U.S. Supreme Court hears Tampa case on Miranda rights – Must Police Specifically Tell suspect of right to have attorney present during questioning?


The U.S. Supreme Court on Monday pointedly questioned why police in a Tampa criminal case didn’t explicitly tell a suspect of his right to an attorney during an interrogation.

A majority of justices appeared inclined to give law enforcement more guidance about how to inform a suspect of his Miranda rights to end confusion about what is required before questioning. The ruling, expected next year, is eagerly awaited and likely would affect a number of major cases nationwide, including a death penalty case in Florida.

The Florida vs. Powell case involved whether the Tampa Police Department adequately warned Kevin Dewayne Powell of his rights in August 2004.

Authorities arrested Powell, a felon, on a charge of illegally possessing a firearm that he told police he bought for $150 on the street.

Powell signed a Miranda warning that stated in part: “You have the right to talk to a lawyer before answering any of our questions. If you cannot afford to hire a lawyer, one will be appointed for you without cost and before any questioning. You have the right to use any of these rights at any time you want during this interview.”

The Florida Supreme Court, in its September 2008 ruling, overturned his conviction and 10-year prison sentence because the warning didn’t expressly inform Powell that he could have an attorney present during the questioning, as required by the landmark Miranda vs. Arizona ruling in 1966.

The highest court in the land seemed inclined to agree.

“Aren’t you supposed to tell this person … you have a right to have the lawyer with you during interrogation?” Justice Stephen Breyer said. “I mean, it isn’t as if that was said in passing in Miranda. They wrote eight paragraphs about it. And I just wonder, where does it say in this warning, you have the right to have the lawyer with you during the interrogation?”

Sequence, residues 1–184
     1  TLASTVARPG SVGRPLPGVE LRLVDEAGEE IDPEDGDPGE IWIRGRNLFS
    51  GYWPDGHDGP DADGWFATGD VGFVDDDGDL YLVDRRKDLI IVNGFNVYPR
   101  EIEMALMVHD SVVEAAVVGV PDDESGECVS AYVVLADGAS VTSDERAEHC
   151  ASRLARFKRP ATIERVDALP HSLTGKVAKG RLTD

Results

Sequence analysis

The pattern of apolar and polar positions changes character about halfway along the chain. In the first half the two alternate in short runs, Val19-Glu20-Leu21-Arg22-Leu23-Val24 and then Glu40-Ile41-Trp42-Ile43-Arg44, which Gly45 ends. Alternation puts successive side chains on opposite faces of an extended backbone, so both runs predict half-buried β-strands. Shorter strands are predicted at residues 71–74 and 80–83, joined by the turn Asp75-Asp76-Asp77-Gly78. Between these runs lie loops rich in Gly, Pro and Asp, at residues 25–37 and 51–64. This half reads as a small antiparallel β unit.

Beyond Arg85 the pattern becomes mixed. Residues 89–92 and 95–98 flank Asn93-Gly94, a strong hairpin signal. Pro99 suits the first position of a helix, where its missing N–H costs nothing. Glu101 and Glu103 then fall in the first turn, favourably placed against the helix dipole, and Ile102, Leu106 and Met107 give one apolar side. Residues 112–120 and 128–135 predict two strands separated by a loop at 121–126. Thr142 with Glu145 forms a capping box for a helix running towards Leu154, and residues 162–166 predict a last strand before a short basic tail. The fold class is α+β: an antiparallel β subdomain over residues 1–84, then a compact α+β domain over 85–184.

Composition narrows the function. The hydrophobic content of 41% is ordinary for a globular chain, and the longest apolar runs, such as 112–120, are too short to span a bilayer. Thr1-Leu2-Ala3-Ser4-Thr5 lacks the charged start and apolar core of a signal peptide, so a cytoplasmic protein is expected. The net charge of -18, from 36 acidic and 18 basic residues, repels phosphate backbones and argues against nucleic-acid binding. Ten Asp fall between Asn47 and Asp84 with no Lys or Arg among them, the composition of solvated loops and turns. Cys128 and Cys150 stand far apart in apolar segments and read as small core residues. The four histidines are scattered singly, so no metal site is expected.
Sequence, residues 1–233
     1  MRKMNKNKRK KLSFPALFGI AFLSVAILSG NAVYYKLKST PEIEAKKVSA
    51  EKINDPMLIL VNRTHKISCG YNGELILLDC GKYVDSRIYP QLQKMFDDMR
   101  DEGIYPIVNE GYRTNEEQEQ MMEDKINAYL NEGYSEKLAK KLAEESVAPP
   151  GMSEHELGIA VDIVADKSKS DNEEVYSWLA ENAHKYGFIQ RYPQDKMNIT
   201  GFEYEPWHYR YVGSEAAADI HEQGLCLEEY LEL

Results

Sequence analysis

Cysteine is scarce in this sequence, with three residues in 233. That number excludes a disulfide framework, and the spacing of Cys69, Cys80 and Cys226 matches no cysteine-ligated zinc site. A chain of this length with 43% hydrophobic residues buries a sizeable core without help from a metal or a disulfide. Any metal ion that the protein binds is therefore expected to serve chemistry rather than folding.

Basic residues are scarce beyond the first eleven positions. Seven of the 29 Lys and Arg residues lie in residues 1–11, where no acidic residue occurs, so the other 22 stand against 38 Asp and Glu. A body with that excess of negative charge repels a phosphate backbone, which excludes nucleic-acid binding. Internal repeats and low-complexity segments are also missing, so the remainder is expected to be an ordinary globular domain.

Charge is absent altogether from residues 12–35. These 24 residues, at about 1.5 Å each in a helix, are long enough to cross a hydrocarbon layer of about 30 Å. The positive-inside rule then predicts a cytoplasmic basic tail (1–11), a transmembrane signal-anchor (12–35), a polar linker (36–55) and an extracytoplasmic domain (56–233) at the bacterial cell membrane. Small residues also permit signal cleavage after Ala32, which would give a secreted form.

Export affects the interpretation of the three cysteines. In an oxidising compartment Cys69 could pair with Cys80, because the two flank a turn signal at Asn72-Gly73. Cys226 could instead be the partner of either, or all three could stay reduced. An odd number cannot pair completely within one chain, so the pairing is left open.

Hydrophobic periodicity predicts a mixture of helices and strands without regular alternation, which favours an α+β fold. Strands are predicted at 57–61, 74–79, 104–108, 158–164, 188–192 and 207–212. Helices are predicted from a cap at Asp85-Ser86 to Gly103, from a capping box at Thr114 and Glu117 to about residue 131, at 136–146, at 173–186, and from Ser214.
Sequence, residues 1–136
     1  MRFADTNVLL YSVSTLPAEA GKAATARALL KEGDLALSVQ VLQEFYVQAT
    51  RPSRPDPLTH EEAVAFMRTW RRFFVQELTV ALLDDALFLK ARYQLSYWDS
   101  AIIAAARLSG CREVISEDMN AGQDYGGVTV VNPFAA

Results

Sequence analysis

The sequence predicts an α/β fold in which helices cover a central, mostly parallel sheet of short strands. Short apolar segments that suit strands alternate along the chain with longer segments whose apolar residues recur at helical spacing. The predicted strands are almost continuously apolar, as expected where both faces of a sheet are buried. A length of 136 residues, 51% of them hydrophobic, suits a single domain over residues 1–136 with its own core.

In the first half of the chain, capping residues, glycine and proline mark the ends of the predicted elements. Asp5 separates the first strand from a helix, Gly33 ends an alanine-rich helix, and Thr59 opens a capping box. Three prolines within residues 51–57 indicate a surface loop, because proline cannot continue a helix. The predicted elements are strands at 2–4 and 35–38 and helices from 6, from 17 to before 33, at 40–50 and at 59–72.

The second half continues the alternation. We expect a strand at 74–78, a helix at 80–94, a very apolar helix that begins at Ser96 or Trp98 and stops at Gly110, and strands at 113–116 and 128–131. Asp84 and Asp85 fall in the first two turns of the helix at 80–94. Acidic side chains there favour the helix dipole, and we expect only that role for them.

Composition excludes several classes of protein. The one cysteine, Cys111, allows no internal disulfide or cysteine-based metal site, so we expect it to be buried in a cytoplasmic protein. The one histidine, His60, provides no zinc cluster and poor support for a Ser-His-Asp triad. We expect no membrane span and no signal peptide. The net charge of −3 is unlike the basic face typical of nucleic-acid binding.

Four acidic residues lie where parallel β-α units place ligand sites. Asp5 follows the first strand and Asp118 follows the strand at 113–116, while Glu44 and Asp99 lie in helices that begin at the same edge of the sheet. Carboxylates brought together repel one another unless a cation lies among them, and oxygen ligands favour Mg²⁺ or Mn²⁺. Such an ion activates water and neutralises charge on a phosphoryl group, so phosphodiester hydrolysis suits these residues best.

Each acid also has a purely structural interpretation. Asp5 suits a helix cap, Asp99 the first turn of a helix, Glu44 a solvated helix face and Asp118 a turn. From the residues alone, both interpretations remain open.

Arguing on behalf of Florida, Deputy Attorney General Joe Jacquot said the state’s high court “ignored the totality of the warning.”

“It took the words ‘before answering any of our questions,’ turning that into an exclusive statement to say, ‘only before questioning,’ ” he said. “That’s the kind of parsing, that’s the kind of precise formulation … that this court has rejected.”

Justice Sonya Sotomayor pressed Jacquot on the intent behind alternative wording used by police in Tampa, which was later changed.

“The police here could have chosen to be explicit, but instead they chose to obfuscate a little bit and be less explicit,” she said. “Shouldn’t we assume that that is an intent to deceive or perhaps to confuse?”

“Absolutely not, your honor,” Jacquot answered.

Powell’s lawyer, Deborah Brueckheimer of Bartow, said the Tampa police warning gave her client the impression that “once questioning starts, that he has no right to consult with a lawyer anymore, and it certainly doesn’t tell him that he has the right to the presence of an attorney with him in an interrogation room, where the coercion takes on a highly new meaning.”

Justice Antonin Scalia called her argument “angels dancing on the head of a pin.”

But two other justices cited conflicting court decisions as a reason to look at clarifying what is required.

The court is expected to issue an opinion in the spring.

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